Konstantina Gavriilidou is an undergraduate student at the Department of Audio & Visual Arts of Ionian University, Greece. The focus of her studies has been on visual storytelling, with emphasis on 2D animation and illustration. In addition, she has participated as an animator in projects such as “Project-Mapping: Sound and Light 1821-2021”, produced by Ionian University’s InArts, and an animation piece for the Exhibition "ENGRAVING - From Prehistory to Today's Greece" for the Chamber of Fine Arts for Greece.
Polyxeni Kaimara
Polyxeni Kaimara, PhD in Educational Psychology & Educational Technoloy, MSc Developmental and School Psychology, MSc Public Health and BSc in Counseling and Guidance is Certified Trainer and Assessor of the Greek National Organization for the Certification of Qualifications & Vocational Guidance and Trainer of the National Centre for Public Administration and Local Government. She has teaching experience at the University of Western Macedonia and the Ionian University. She is currently working at the Psychiatric Clinic of the General Hospital of Corfu. She is a co-author of many papers and chapters and has presented research works at international conferences. Her research interests focus on the design and evaluation systems and games for special education and training and inclusive education.
Andreas Karampas
Andreas Karampas is a consultant psychiatrist at the General Hospital of Corfu, Greece. His research interests are mostly focused on Early Intervention in Psychosis and Mood Disorders. He has been a Phd candidate since 2017 at the Department of Psychiatry, University of Ioannina School of Medicine. He held an honorary position in the Division of Psychiatry at University College London (UCL) in 2018 (February-May). He has attended a number of international and greek psychiatric conferences.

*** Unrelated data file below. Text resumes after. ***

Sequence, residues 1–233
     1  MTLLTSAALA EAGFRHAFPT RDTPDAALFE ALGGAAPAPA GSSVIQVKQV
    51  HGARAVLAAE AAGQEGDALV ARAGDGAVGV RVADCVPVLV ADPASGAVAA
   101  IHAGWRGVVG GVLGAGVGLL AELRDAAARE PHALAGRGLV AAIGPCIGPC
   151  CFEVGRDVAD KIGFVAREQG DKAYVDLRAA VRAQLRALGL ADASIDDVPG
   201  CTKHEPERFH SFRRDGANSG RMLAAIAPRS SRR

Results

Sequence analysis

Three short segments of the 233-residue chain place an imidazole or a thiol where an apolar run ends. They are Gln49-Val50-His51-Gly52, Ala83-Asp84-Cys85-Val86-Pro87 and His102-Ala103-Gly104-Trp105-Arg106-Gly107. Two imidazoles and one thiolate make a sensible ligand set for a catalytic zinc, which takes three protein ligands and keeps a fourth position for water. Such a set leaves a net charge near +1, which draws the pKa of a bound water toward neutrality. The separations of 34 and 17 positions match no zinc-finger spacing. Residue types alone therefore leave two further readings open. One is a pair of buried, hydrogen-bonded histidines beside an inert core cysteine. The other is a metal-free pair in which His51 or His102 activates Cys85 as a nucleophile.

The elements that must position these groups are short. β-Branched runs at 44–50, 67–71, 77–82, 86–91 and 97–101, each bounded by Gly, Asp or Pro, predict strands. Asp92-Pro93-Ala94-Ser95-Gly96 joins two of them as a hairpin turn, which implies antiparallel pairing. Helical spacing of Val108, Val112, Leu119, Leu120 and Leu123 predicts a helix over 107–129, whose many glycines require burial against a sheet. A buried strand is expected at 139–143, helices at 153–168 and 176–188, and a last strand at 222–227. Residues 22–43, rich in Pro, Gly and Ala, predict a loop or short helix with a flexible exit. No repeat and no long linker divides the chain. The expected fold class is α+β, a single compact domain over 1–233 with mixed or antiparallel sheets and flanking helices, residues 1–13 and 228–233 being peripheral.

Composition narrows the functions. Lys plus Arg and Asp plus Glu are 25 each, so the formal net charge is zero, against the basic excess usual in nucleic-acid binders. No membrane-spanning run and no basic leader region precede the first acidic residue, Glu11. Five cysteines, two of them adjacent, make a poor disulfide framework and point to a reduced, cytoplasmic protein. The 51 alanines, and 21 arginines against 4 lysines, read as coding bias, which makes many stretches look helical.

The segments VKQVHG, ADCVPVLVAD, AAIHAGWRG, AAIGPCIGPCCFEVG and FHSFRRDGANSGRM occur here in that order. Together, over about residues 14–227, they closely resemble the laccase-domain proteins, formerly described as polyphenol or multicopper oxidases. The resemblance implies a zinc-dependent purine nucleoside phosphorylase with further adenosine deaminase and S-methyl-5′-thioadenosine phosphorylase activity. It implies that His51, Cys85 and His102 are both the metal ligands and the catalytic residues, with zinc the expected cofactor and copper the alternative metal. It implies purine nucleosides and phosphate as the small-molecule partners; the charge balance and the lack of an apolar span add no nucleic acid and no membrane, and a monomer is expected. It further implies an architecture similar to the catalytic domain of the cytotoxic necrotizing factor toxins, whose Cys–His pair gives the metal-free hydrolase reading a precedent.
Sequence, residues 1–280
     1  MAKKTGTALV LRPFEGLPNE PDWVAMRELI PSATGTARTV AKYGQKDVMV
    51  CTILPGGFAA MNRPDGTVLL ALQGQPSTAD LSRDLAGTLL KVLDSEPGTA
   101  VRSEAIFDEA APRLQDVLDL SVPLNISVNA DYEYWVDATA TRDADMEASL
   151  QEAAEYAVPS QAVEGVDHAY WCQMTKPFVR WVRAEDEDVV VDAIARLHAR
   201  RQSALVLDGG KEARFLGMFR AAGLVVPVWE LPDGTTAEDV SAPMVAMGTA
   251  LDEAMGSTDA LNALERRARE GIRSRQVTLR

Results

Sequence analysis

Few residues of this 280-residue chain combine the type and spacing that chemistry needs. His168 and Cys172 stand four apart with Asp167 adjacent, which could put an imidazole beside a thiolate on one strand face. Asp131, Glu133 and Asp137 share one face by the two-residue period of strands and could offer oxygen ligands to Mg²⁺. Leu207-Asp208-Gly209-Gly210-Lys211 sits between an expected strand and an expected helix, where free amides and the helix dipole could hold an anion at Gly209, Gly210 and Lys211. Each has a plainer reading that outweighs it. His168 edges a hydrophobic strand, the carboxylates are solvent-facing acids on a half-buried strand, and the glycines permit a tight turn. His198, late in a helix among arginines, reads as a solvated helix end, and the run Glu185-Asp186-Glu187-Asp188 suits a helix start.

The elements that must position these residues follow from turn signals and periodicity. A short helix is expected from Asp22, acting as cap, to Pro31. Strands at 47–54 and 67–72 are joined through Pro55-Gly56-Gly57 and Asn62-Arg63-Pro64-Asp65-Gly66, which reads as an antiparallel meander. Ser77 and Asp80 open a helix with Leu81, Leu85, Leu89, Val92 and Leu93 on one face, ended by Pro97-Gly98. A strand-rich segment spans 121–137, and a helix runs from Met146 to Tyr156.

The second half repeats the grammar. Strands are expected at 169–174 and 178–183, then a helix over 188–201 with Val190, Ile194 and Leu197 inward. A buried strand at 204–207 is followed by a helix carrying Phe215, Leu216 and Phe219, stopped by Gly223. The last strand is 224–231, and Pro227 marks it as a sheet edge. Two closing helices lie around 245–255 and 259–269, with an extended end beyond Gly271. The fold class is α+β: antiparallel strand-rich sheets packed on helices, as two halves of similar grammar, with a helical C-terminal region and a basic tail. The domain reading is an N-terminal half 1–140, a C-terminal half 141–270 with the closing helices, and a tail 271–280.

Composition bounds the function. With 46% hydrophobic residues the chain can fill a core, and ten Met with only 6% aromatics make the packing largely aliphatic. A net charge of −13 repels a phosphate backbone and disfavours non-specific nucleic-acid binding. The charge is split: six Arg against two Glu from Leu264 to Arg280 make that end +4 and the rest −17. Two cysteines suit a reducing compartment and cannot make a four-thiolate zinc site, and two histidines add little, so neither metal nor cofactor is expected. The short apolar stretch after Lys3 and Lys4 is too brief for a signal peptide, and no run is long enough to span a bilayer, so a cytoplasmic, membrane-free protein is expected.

Vasileios Komianos

Vasileios Komianos is a faculty member at Dept. of Audio and Visual Arts, Ionian University, Greece, teaching courses related to Virtual/Augmented/Mixed Reality, video games and interactive multimedia. His research interests are mostly focused on Mixed Reality (MR) systems, on user interaction and user interfaces in MR systems and applications as well as on approaches for artistic expression and cultural communication. He has work experience on designing audiovisual content and installations in the cultural heritage sector, and his works are hosted or have been hosted in permanent and temporary exhibitions as well as in art festivals.